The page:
Ms. Pinkwater: To me, style is a very personal expression about who you are, using the medium of fashion to express beauty, creativity, and who you are. I have a friend who has tons of style; she is a very talented hat designer, and her wardrobe is geared toward highlighting a hat. Her wardrobe is very chic, yet you will never see her clothing fighting with the hat on her head. Since her hats can be very dramatic and large, they are the stars of her look. This works so well for her, as absolutely no one looks like her, and she always looks great.
Ms. Eschapasse: What is the one purchase that you are most proud of?
Ms. Pinkwater: I bought a vintage Cartier bracelet from the very brief Egyptian period they had. Those pieces are so special and valuable as they made very few.
Ms. Eschapasse: And what would you never pay much money for?
Ms. Pinkwater: An item that I know I will only wear once such as piece for a costume party.
Ms. Eschapasse: When you go on the red carpet, how do you want your outfit to make you feel?
Ms. Pinkwater: I want to feel beautiful and comfortable. Simple and not frilly or overdone in any way.
Ms. Eschapasse: Which designers can help you achieve that?
Ms. Pinkwater: I would either wear a gorgeous dress or tuxedo, and I would go to Dior, Dolce, Tom Ford.
Ms. Eschapasse: What do you think of how others dress and what’s your advice to people who would like to develop their personal style?
Ms. Pinkwater: I think people who have true style have confidence. They are confident in what they like and they know what works for them. One should look around and see whom you admire and what they are doing. Look at your body type and be realistic about what looks good on you. Personal style has everything to do with understanding your own strengths and weaknesses.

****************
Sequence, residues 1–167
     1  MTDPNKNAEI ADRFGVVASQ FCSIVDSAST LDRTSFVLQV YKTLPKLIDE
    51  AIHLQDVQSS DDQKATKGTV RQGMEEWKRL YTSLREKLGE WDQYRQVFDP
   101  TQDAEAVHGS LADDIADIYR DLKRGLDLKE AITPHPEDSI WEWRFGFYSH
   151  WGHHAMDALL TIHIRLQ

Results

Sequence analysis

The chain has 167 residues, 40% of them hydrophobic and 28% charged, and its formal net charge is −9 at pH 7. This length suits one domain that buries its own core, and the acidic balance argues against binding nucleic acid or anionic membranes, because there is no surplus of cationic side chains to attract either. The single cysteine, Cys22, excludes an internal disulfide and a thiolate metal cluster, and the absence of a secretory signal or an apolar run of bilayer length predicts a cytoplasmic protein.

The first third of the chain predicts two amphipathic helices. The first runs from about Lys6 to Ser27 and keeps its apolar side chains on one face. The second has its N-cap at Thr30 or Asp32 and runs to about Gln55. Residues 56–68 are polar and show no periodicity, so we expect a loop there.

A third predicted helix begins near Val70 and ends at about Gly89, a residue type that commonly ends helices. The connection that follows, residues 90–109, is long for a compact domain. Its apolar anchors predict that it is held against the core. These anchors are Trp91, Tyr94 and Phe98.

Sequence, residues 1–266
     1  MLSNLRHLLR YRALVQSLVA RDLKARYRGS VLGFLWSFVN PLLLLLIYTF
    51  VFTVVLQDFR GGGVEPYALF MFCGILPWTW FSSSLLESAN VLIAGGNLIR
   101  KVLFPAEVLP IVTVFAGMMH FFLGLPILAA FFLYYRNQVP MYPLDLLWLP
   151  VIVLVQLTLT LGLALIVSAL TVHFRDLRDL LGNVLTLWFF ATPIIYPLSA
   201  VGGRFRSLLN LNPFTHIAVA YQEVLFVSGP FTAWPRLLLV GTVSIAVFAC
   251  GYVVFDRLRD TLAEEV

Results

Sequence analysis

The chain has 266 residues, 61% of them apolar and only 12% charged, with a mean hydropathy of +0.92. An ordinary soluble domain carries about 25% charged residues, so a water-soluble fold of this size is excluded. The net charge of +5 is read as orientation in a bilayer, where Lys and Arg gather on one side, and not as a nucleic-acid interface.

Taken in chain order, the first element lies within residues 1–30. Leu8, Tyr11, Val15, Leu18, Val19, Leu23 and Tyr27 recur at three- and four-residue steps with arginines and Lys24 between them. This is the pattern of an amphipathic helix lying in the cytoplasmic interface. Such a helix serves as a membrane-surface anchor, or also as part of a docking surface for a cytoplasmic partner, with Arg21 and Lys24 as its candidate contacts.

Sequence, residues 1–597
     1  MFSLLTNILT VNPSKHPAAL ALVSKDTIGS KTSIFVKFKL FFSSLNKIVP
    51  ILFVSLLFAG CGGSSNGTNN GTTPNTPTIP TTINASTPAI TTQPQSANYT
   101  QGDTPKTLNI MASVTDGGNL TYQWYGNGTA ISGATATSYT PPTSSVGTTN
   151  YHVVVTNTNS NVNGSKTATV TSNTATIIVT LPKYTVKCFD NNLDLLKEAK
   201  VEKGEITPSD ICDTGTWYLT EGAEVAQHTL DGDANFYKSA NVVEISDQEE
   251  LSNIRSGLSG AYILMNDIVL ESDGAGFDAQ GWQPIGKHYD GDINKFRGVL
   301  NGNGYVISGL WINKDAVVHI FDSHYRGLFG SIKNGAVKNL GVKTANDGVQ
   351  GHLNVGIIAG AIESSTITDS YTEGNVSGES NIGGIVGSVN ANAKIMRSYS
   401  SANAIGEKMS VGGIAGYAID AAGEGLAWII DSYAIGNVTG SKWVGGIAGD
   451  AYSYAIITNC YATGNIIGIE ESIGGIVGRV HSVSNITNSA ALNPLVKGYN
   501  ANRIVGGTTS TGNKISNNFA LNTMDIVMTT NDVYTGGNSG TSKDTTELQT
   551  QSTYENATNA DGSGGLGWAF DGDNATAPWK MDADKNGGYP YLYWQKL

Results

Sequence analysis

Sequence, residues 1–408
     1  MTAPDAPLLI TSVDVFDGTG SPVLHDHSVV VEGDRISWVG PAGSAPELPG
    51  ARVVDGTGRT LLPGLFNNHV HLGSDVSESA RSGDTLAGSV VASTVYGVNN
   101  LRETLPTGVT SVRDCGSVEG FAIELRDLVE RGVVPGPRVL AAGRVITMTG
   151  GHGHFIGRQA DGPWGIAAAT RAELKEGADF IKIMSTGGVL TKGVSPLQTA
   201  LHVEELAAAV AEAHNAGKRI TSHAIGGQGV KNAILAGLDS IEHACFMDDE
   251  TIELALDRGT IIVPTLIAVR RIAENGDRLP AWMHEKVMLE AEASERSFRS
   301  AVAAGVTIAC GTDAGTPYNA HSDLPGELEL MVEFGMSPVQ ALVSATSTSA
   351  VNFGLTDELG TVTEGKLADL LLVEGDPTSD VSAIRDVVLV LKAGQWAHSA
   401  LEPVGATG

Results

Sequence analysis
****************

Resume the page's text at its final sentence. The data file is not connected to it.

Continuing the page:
Street style is very important. Designers get so much inspiration from what they see people wearing in the street. Keep your eyes open and see if there is something a person is wearing that speaks to you.
Sibylle’s Style Diary is a column that explores style from the perspective of choices, and what that means for different people, with personal advice from some of the most stylish people in New York.
Sibylle Eschapasse is originally from Paris and now lives in New York. She contributes to various publications, in addition to working for the United Nations, and is the author of the children’s book “Argy Boy, A New York Dog Tale.” She may be reached at firstname.lastname@example.org